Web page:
The Scoop on Mouthing, Nipping, and Biting

As the saying goes, “dogs will be dogs.” Dogs being dogs sometimes includes mouthing, nipping and biting. Puppies naturally communicate with one another using their mouths, it stands to reason that they’d want to continue this behavior with their human “pack.” However, it’s nowhere near as much fun for humans and can easily escalate into a serious problem if it isn’t corrected early.

If a puppy is not taught from an early age that mouthing or nipping on skin or clothes is inappropriate, then she is likely to continue into adulthood. An adult dog’s nipping may still be just part of normal play, but if an adult dog gets overly excited the nipping can become harder and more difficult to stop. Nipping can cause significant damage to human skin and is especially dangerous around children. Some dogs are more orally fixated than others, but every dog should be given boundaries, especially when it comes to using their mouths around humans.

Some herding breeds such as Border Collies, Australian Shepherds and Shelties will sometimes nip at a person’s feet or heels, mimicking the livestock herding behavior they were originally bred for.  Children are most likely to be on the receiving end of such nipping, especially when they are running around or playing vigorously. You certainly don’t want to look into your backyard and see all the neighbor kids herded into a corner in your back yard by your sheltie or one of our scoopologist in need of protective leg guards to scoop your yard.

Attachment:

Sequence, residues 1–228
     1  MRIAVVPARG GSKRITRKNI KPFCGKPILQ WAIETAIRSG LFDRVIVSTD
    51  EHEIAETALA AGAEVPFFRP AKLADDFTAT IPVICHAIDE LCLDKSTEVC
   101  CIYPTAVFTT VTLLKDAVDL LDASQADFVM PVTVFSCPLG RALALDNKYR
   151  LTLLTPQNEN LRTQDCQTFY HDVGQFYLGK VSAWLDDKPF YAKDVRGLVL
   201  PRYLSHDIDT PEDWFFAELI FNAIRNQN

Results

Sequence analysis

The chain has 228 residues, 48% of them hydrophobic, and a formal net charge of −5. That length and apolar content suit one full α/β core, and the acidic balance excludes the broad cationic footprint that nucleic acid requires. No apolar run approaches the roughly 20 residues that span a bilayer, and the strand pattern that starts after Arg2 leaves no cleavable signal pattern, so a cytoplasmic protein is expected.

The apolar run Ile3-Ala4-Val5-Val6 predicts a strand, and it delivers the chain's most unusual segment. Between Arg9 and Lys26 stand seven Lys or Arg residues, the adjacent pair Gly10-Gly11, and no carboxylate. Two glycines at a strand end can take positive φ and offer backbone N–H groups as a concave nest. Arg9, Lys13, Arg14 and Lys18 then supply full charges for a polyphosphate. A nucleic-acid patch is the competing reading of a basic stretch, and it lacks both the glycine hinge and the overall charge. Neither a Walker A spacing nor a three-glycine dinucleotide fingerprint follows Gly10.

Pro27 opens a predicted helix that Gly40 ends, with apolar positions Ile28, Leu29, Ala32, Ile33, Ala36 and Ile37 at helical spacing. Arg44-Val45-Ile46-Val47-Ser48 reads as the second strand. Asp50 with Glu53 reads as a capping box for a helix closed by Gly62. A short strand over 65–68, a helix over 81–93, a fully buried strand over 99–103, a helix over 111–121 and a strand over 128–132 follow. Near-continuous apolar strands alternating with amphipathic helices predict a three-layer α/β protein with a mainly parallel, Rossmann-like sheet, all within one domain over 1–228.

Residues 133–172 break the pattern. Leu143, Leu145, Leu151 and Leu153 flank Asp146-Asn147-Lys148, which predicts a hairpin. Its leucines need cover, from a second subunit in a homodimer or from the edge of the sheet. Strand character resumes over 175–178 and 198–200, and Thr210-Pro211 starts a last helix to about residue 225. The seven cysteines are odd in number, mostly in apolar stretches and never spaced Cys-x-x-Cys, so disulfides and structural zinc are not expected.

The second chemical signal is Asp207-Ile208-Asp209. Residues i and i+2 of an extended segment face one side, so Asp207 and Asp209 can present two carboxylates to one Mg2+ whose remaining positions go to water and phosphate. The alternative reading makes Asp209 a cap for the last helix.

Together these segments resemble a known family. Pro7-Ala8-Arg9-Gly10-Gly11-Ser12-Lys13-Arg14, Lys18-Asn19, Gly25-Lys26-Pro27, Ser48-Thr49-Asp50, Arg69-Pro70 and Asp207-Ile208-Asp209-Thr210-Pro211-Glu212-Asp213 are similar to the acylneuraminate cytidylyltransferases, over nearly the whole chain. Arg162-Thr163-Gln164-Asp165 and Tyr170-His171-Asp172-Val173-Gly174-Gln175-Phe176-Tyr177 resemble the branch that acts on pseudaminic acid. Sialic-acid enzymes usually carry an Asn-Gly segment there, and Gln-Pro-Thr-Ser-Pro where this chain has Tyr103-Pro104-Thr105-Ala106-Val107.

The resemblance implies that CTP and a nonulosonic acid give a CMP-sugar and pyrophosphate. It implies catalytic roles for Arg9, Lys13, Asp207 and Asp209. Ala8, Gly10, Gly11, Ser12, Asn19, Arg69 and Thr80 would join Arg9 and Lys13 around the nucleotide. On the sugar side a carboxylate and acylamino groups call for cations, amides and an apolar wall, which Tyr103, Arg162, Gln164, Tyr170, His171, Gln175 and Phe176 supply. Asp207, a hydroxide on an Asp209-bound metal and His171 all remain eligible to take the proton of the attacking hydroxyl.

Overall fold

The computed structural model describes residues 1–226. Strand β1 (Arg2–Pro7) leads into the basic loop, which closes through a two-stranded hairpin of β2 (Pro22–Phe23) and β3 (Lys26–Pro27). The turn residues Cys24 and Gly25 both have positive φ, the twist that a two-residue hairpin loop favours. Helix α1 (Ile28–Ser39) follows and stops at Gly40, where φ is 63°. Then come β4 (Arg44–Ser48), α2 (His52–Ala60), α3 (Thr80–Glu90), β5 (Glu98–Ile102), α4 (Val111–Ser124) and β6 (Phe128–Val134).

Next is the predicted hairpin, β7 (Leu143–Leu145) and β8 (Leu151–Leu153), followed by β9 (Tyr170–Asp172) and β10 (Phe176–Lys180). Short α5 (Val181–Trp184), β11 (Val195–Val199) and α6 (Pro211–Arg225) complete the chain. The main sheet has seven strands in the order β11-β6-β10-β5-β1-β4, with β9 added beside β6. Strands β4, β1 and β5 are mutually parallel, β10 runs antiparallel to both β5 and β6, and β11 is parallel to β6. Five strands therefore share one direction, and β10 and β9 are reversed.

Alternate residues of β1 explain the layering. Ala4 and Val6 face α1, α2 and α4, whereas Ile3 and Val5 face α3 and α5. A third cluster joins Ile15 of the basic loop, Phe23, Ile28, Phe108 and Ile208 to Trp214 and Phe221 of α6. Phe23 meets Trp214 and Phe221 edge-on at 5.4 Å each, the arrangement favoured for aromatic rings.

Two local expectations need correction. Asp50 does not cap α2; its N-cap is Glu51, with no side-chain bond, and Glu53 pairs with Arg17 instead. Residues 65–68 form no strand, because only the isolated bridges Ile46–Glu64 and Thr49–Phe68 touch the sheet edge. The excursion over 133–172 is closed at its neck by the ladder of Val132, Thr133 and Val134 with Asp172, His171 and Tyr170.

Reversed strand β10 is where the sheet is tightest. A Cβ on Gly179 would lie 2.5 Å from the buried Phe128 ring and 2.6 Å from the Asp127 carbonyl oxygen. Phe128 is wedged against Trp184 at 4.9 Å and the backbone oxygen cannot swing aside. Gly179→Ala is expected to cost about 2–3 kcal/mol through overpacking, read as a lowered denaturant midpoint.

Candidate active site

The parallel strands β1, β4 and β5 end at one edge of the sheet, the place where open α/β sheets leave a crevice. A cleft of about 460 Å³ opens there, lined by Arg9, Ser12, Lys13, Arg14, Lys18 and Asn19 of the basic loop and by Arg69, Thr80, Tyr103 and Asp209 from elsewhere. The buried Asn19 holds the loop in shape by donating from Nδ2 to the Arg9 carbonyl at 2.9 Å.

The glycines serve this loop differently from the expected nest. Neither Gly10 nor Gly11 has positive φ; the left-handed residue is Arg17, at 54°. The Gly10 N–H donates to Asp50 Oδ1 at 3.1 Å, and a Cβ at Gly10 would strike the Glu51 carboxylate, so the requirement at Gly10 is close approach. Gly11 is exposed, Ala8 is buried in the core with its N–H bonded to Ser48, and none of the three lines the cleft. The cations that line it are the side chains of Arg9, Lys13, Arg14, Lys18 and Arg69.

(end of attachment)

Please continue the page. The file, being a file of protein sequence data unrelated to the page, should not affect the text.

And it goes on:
So how can you tell the difference between whether your dog’s mouthing, nipping and biting is just normal behavior or representative of a deeper behavioral issue?


Taste and touch in and around the mouth are some of the first senses to develop in puppies. Exploratory gnawing or “mouthing” is an essential aspect of puppy development. When puppies are raised by their whelping mom, she teaches them about biting – what is “too hard” and what is “too much.” Since most of us adopt our pups without their mother having had a chance to teach them the rules about biting, it becomes our responsibility to help them learn what is acceptable and what is not. 


Nipping is different from mouthing in that it involves a small, sudden bite—usually not hard enough to break the skin, but enough to puncture your clothing. While it can be annoying and sometimes painful, nipping is not an aggressive behavior and can usually be corrected. 



If your dog hasn’t learned to control her mouthing behavior by adulthood, nipping could escalate into biting—hard, painful bites that draw blood. Injuries from dog bites can sometimes require medical attention and cause scarring and disfigurement. Many states hold animal owners strictly liable if their pet attacks another person unless the attack was provoked. Often, if your dog is biting, you will likely need assistance from a dog trainer to curve the behavior.  It’s best to nip nipping in the bud before it becomes harmful biting. 


How Can I Teach My Dog To Stop Nipping?

According to sources such as the American Kennel Club , The American Society for the Prevention of Cruelty to Animals, and Paternal Pet Care the following are suggested ways to teach your dog to stop nipping:

  • Teach your dog bite inhibition from an early age.